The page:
Friday, June 29, 2012

Cosmic ray variations of solar origin in relation to human physiological state

Cosmic ray variations of solar origin in relation to human physiological state during the December 2006 solar extreme events

by Elchin S. Babayev and Aysel A. Allahverdiyeva,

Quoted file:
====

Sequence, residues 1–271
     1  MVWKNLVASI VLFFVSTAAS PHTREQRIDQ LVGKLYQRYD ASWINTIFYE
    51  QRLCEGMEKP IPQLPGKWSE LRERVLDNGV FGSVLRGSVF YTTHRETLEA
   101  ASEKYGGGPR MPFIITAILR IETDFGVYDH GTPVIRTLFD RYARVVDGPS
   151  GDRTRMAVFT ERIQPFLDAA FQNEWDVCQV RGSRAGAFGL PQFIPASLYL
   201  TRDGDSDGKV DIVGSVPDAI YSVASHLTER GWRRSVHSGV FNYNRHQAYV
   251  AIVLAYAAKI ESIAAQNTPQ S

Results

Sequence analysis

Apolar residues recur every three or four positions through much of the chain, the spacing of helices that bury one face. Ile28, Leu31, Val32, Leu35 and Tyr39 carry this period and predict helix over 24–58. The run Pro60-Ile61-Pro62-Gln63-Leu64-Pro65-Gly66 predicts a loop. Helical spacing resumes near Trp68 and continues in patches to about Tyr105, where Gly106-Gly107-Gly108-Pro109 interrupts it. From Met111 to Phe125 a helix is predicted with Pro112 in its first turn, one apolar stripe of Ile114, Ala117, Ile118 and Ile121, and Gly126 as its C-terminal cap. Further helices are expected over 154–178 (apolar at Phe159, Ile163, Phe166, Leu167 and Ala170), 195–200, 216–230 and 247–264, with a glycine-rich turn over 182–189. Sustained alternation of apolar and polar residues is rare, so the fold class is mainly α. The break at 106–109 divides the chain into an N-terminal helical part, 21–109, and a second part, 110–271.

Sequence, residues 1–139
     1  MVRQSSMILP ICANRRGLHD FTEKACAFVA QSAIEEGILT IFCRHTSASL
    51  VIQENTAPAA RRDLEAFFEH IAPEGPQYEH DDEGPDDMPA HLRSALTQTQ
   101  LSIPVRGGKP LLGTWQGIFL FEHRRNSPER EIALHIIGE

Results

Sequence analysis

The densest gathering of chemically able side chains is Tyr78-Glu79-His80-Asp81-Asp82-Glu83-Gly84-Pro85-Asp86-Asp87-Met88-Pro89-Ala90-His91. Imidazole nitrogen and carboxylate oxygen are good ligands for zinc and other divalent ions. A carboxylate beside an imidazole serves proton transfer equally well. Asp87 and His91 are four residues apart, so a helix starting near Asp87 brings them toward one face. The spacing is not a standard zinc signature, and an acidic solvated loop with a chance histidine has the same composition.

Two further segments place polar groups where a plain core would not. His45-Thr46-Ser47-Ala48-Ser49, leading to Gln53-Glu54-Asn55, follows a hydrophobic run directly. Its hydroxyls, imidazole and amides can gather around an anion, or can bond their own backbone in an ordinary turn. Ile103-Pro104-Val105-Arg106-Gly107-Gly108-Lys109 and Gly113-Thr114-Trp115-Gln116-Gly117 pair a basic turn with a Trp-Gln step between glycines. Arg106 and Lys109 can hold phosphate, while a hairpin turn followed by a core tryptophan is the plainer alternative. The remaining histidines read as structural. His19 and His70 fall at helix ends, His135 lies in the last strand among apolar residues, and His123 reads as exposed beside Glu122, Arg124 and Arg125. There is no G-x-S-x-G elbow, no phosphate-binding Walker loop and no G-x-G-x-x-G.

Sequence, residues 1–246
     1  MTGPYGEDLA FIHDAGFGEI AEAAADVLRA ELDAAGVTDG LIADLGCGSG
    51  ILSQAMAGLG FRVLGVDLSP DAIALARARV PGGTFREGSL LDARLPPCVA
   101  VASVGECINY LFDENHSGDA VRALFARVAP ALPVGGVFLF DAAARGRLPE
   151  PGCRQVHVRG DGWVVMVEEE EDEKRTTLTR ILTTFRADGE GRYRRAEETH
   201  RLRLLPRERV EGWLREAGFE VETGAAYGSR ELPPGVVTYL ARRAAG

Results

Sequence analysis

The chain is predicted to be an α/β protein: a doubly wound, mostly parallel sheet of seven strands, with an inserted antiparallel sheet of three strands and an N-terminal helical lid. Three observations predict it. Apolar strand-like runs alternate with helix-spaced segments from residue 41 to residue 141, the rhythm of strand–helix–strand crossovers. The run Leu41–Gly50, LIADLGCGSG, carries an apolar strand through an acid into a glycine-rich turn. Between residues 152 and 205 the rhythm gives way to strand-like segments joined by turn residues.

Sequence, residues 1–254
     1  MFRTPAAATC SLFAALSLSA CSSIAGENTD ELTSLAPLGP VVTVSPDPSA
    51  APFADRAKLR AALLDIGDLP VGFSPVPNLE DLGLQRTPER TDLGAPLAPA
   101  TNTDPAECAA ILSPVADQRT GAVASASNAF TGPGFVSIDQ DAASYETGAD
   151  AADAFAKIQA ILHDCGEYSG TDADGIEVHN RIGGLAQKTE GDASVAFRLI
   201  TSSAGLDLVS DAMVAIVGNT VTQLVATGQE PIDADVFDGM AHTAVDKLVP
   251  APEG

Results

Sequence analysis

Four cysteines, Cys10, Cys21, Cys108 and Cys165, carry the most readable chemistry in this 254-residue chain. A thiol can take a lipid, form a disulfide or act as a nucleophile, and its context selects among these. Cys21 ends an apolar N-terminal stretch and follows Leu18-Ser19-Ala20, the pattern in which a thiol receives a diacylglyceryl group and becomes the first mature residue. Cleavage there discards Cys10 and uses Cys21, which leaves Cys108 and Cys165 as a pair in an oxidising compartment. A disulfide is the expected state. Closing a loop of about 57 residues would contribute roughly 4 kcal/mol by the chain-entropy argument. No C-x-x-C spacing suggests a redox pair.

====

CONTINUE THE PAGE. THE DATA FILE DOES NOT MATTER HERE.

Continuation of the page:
Edit M. Papailiou, H. Mavromichalaki, A. Vassilaki, K. M. Kelesidis, G. A. Mertzanos, B. Petropoulos There is an increasing amount of evidence linking biological effects to solar and geomagnetic disturbances. A series of studies is published referring to the changes in human physiological responses at different levels of geomagnetic activity. In this study, the possible relation between the daily variations of cosmic ray intensity, measured by the Neutron Monitor at the Cosmic Ray Station of the University of Athens ( and the average daily and hourly heart rate variations of persons, with no symptoms or hospital admission, monitored by Holter electrocardiogram, is considered. This work refers to a group of persons admitted to the cardiological clinic of the KAT Hospital in Athens during the time period from 4th to 24th December 2006 that is characterized by extreme solar and geomagnetic activity. A series of Forbush decreases started on 6th December and lasted until the end of the month and a great solar proton event causing a Ground Level Enhancement (GLE) of the cosmic ray intensity on 13th December occurred. A sudden decrease of the cosmic ray intensity on 15th December, when a geomagnetic storm was registered, was also recorded in Athens Neutron Monitor station (cut-off rigidity 8.53GV) with amplitude of 4%. It is noticed that during geomagnetically quiet days the heart rate and the cosmic ray intensity variations are positively correlated. When intense cosmic ray variations, like Forbush decreases and relativistic proton events produced by strong solar phenomena occur, cosmic ray intensity and heart rate get minimum values and their variations, also, coincide. During these events the correlation coefficient of these two parameters changes and follows the behavior of the cosmic ray intensity variations. This is only a small part of an extended investigation, which has begun using data from the year 2002 and is still in progress. Journal: Advances in Space Research - ADV SPACE RES , vol. 43, no. 4, pp. 523-529, 2009 DOI: 10.1016/j.asr.2008.08.009 View Publication
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